Home General News Do police students really need to go to Auschwitz to study?

Do police students really need to go to Auschwitz to study?


OPINION. Arnar Styr Björnsson writes about how the University of Akureyri in Iceland planned to send police officers to Auschwitz to teach them about “evil and hate”.

In 2018, members of four parties in the Icelandic parliament proposed changes to the penal code that would make male circumcision illegal. This seemingly innocent proposal caused a lot of discussion in Iceland, and drew attention from foreign countries as well. The international Jewish press began to dig up the history of Iceland and the Jews, and their findings were, of course, that Iceland had not been as submissive to the Jews as they would like. They even found poems from the 1650s to prove their case. The pressure that came against the proposed legislation and the meagre support it had to begin with, led to the predictable conclusion that nothing was done to change the laws, and the proposal was quietly suffocated. This raises the question of whether this was a genuine attempt to change the legislation to begin with.

Not long after this, the first rabbi was sent to Iceland by the Chabad organization. There are perhaps around 50 Jews in Iceland who seem to have been mostly non-religious until now. There was at least no need to have a full-time rabbi in Iceland. He also has the job of promoting Judaism in Iceland with public events, and making sure that Icelanders will know what hanukkah is, even though no one was asking for this information before he arrived.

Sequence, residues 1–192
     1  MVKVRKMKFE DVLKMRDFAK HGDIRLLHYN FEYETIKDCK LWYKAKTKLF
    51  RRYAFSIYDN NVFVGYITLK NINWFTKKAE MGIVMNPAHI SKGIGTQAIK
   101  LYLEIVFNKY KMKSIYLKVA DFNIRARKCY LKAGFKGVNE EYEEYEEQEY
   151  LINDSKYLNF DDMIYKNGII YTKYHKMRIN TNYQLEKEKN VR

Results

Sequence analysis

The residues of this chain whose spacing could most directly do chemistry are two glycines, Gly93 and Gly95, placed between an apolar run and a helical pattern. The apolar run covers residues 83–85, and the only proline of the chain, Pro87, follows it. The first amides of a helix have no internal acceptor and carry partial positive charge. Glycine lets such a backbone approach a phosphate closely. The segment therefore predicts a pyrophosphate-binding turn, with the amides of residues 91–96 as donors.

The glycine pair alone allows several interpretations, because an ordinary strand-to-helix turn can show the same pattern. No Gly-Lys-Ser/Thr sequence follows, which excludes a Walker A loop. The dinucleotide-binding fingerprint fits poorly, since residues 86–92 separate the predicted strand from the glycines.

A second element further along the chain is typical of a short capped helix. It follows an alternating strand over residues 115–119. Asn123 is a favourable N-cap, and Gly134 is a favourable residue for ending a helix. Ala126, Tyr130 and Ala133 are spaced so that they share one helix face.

The promotion of hanukkah in downtown Reykjavik.

Last month, news got out that a course was cancelled in the University of Akureyri, in the department of police studies, where all prospective policemen now study. The course was called “Evil and Hate”. The stated purpose of the course was to deal with evil and hate on the basis of sociological theories, and to examine the subject through issues such as the growth of right-wing movements, youth participation in terrorism like ISIS, and of course the holocaust. Nationalism in the light of increasing national-populism in Europe and pluralism were also on the agenda. Astoundingly, part of the course was to be taught in Poland, more precisely in the Jewish museum in Oświęcum and inside the Auschwitz-Birkenau camp. Now, what relevant information for Icelandic policemen is to be found in those places? And even if there were some, surely that could have been found online or in books, and taught in the school itself. It seems rather that emotional impression and attachment to certain locations and events, a kind of inoculation, was the intent behind the creation of this course, which thankfully has been cancelled. But the point remains that the organizers of the department of police studies came up with this in the first place.

Now, whether these events are connected and have some logic to them cannot be confirmed or denied. It could be that people are feeling increased Jewish influence worldwide and subconsciously conforming to their demands and threats. In any case, the prophetic words of Adolf Hitler are as true as ever: “The Star of David steadily ascended, as the will to national self-preservation declined.”